“I find that crazy to think because you look at all the races that Jimmie Johnson, Jeff Gordon, they’ve had multiple, like, powerhouse drivers at one time on their team,” Larson continued. “For them to be saying this is the most excited they’ve ever been is pretty unreal to me when we’ve got four young guys in the sport who haven’t really won many races, when you really think about it, compared to the guys that used to be there before us.

“I think maybe he’s saying a little bit of the future is what gets everybody really excited there. Yeah, just an awesome day for the organization. Glad I could be a part of it.”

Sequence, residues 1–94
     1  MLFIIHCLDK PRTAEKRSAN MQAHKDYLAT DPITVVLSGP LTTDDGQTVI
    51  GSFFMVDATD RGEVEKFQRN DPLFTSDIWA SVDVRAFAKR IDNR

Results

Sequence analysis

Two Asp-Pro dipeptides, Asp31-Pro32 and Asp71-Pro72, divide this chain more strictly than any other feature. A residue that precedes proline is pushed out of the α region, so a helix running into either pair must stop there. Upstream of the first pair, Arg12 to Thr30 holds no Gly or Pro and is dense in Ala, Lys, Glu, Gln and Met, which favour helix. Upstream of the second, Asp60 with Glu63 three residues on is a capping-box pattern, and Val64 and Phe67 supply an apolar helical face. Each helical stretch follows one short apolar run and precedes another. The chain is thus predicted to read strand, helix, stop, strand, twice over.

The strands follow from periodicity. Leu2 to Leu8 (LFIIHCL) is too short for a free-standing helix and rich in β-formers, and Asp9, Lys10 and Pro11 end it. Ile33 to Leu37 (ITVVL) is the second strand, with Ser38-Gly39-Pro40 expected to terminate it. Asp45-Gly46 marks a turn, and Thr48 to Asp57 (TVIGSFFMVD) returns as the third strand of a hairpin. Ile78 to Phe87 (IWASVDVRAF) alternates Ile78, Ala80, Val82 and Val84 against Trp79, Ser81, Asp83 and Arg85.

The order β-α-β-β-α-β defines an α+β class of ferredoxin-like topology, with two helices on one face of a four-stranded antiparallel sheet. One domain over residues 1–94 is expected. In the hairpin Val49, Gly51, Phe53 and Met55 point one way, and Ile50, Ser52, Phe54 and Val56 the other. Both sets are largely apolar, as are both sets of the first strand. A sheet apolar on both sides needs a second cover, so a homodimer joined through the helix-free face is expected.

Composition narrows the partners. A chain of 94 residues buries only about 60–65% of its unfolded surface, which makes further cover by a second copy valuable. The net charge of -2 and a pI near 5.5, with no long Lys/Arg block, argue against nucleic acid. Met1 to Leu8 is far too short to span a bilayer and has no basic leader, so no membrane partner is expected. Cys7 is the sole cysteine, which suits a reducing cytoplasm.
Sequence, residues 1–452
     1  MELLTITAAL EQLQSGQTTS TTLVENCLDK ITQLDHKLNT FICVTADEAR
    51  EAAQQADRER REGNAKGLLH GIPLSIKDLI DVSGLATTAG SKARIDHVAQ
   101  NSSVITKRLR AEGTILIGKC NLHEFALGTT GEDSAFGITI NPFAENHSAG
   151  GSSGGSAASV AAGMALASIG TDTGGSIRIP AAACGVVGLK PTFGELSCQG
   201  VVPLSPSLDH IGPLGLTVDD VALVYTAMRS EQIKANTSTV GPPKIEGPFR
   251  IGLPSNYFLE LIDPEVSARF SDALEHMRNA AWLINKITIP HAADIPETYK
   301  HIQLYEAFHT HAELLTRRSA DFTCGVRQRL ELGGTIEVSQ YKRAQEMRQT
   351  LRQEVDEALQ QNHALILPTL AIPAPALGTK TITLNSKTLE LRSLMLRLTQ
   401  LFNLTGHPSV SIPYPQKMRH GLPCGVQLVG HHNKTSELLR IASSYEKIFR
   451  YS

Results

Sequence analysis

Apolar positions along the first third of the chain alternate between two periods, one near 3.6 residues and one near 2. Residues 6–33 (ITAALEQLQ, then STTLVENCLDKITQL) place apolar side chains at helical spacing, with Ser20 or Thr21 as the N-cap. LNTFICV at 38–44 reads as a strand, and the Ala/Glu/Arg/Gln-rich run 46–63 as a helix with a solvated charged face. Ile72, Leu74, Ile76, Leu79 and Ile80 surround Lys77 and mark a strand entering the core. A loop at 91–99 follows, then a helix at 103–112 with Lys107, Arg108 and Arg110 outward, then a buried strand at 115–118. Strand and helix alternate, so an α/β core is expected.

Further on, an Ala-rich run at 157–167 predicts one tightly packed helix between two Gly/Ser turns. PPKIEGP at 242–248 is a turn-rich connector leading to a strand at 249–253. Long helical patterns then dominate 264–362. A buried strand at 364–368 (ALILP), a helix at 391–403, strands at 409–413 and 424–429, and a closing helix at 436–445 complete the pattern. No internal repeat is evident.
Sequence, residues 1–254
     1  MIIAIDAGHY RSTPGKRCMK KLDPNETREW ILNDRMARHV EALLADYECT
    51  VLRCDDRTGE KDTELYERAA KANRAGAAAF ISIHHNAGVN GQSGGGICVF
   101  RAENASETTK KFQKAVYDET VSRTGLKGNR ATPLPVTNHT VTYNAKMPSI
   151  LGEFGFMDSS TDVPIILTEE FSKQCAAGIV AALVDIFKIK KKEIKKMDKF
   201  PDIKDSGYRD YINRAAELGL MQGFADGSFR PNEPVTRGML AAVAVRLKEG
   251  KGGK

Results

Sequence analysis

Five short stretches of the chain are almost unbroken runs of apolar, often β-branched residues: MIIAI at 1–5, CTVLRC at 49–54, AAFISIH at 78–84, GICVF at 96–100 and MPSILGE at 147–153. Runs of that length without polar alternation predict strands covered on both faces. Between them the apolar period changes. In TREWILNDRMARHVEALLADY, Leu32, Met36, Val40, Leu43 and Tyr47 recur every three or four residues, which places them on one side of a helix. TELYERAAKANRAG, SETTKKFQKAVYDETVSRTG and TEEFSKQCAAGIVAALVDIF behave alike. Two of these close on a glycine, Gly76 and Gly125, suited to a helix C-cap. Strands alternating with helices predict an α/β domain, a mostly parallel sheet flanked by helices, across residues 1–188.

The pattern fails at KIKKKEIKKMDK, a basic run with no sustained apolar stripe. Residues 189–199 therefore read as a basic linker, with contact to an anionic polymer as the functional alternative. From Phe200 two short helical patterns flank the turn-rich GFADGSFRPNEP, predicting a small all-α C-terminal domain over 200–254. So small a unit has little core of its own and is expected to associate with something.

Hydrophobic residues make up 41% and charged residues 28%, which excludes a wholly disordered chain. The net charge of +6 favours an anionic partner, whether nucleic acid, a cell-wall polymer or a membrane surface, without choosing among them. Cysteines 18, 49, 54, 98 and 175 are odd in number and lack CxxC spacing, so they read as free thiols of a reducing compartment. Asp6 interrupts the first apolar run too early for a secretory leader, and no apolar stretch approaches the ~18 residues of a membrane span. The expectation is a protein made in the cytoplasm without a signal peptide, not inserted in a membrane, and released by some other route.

What about third and fourth-place finishers Chase Elliott and William Byron?

Both drivers had noble afternoons with Elliott continuing to turn his title defense campaign around. Still not where he’d like to be despite communications not being any different. That aside, Elliott is pleased to be a part of a neat accomplishment.

“(Rick) picked a good one today. Yeah, just proud of our whole team,” said Elliott. “Everybody, HMS, I feel like we have a really talented group of people that work really hard. It’s just nice to see their hard work awarded like that, in that manner, in that type of domination.

“Those guys led, I guess Kyle and Alex, pretty much led the whole race. Really cool. Just really proud of everybody. Glad to be a part of the team.”

Rounding out the top-four was Byron, who continues to hit his consistent stride with 11 straight top-10s. Like the theme of Sunday, credit goes to the organization as much as their own performance. Most certainly, teamwork in racing comes a long way and were rewarded at “The Monster Mile.”